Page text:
The ACT Council of Social Service (ACTCOSS) today welcomed the appointment of Ms Christine Nixon as chair of the new Oversight Committee to develop a blueprint for change for the Alexander Maconochie Centre (AMC) and Court Transport Unit.
However, ACTCOSS said that without an inquiry into systemic racism in Canberra’s prison, the injustice experienced by Aboriginal and/or Torres Strait Islander detainees engaged with the justice system would not be resolved.
Dr Emma Campbell, ACTCOSS CEO, said: “We are pleased to see that this new Oversight Committee will soon start work to help improve culture and oversee the implementation of recommendations from inquiries and reports.
“This oversight group will need to move promptly and comprehensively to rebuild trust. That must include close engagement with the community services sector, particularly Aboriginal community controlled organisations.
“Many of the issues in the AMC have been highlighted in previous reviews and inquiries but await to be resolved. AMC detainees are often unable to access productive education/work or rehabilitative supports. The ongoing practice of non-separation of sentenced people and people on remand in the AMC contradicts ACT corrections legislation and international human rights law.
“And while the ACT is the only jurisdiction to have a policy framework to support the implementation of a needle and syringe program in our prison, it has not yet been acted on.
“Data from the Productivity Commission’s Report on Government Services (ROGS) 2021 revealed that 63.4% of ACT adults released from prison returned to corrective services with a prison sentence or community corrections order within two years. This was the second highest rate in Australia, only just below the Northern Territory rate of 63.7%.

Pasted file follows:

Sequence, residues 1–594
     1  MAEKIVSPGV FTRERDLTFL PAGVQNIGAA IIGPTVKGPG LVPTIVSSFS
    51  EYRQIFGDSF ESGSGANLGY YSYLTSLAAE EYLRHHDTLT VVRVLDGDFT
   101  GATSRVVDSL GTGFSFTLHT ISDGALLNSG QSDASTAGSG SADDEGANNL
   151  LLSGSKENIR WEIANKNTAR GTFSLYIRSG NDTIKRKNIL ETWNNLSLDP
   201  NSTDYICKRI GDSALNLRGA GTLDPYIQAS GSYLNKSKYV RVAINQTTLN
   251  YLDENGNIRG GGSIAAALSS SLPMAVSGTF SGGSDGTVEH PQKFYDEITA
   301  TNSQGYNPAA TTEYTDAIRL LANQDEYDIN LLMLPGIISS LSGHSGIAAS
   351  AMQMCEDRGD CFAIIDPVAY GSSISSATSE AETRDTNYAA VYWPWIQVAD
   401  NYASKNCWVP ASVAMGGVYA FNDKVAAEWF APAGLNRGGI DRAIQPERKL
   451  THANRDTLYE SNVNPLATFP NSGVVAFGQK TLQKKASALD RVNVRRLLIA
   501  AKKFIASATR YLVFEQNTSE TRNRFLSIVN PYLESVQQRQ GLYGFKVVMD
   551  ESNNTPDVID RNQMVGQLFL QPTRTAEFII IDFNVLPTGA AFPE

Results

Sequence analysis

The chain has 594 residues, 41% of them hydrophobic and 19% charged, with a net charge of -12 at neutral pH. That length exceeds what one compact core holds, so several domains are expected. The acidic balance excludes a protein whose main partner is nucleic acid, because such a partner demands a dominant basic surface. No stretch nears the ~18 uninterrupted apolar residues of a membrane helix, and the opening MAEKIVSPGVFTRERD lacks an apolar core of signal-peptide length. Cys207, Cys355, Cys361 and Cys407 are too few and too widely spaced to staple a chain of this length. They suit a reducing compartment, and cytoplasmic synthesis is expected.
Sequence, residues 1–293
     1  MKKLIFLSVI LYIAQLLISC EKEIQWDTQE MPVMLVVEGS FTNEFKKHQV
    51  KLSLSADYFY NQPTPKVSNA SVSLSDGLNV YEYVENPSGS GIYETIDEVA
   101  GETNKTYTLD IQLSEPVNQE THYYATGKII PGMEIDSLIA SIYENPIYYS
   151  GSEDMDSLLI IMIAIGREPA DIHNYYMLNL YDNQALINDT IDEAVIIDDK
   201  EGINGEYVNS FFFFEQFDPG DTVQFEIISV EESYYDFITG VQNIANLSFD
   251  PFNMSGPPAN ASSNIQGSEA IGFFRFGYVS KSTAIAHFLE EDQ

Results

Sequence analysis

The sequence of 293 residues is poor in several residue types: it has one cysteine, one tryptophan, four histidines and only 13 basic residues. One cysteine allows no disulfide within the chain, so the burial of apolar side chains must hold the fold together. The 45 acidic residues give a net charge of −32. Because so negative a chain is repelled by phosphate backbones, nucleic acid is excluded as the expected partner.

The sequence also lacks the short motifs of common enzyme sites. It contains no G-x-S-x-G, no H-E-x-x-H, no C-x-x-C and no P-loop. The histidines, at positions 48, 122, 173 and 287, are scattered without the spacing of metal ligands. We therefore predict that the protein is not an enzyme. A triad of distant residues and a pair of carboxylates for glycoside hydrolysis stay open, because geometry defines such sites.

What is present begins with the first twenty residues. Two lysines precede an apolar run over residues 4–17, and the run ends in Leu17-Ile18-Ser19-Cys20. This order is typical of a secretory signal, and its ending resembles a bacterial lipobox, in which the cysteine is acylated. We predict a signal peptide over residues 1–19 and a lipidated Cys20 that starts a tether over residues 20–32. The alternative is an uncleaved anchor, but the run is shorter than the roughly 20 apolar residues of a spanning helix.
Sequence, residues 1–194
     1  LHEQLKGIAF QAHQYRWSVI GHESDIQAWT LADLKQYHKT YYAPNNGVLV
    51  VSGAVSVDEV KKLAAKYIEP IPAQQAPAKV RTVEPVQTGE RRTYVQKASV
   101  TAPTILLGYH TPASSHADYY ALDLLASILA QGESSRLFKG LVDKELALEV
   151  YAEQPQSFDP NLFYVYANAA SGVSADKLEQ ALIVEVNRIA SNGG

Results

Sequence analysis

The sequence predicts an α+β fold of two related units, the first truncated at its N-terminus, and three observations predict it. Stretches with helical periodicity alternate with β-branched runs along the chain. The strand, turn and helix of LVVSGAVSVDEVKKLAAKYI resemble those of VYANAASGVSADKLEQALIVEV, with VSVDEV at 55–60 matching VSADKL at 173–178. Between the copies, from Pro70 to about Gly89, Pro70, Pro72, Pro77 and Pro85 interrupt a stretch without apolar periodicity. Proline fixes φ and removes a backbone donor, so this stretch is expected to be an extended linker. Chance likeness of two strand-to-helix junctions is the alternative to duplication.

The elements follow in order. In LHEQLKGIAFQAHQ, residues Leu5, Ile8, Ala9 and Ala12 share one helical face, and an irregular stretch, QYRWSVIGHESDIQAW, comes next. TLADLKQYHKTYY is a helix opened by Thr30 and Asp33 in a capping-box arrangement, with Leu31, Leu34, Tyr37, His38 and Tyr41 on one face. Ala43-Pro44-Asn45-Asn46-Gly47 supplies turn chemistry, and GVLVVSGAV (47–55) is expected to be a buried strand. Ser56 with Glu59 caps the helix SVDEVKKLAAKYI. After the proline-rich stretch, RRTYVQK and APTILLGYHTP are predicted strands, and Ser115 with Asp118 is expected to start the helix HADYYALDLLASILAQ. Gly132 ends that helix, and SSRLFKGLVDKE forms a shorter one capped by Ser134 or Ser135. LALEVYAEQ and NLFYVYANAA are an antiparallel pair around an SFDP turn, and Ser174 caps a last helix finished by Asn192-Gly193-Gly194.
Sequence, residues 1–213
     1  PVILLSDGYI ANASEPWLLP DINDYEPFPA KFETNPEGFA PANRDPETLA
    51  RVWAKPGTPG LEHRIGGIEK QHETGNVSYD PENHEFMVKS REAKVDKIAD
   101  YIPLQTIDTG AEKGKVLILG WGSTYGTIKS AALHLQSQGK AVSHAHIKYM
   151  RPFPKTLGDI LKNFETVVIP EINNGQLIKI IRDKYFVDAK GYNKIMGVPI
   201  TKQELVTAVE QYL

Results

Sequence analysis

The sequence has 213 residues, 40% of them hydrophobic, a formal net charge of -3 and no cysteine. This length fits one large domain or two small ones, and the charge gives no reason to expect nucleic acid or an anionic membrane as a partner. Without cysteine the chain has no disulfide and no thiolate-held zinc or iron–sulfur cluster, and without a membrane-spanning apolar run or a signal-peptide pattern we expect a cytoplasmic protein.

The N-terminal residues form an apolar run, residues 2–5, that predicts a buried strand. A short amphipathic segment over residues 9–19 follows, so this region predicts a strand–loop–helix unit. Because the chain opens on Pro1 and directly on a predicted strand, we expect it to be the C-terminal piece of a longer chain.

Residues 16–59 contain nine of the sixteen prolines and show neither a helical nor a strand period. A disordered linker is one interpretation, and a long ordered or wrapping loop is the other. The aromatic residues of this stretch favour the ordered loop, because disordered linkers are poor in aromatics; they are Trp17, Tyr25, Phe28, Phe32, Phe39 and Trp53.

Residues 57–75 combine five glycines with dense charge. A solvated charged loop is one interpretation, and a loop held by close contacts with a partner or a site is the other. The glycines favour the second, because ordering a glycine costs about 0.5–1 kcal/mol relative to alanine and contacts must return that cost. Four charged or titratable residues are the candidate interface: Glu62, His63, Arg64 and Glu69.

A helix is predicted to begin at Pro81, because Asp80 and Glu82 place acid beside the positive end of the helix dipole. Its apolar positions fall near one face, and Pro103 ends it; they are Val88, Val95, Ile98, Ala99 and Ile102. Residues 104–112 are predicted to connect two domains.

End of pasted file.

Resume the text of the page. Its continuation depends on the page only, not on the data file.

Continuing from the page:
“The ROGS data also shows that Aboriginal and/or Torres Strait Islander people in Canberra are locked up at 19 times the rate of non-Indigenous people, making up 24% of the ACT’s average daily prisoner population.
“In the wake of historic allegations of racism, and the disturbing allegation early this year relating to the mistreatment of an Aboriginal woman on remand in the AMC, ACTCOSS supported a call by Julie Tongs OAM, CEO of Winnunga Nimmityjah Aboriginal Health and Community Services, for an independent inquiry into racism at the AMC.
“We were deeply disappointed that a motion by Elizabeth Kikkert MLA, Shadow Minister for Corrections, calling for an inquiry to investigate and document the incidence of institutional and systemic racism in relation to the AMC and to develop advice and recommendations to address and eliminate this racism was rejected by the ACT Government,” Dr Campbell concluded.
ACTCOSS advocates for social justice in the ACT and represents not-for-profit community organisations.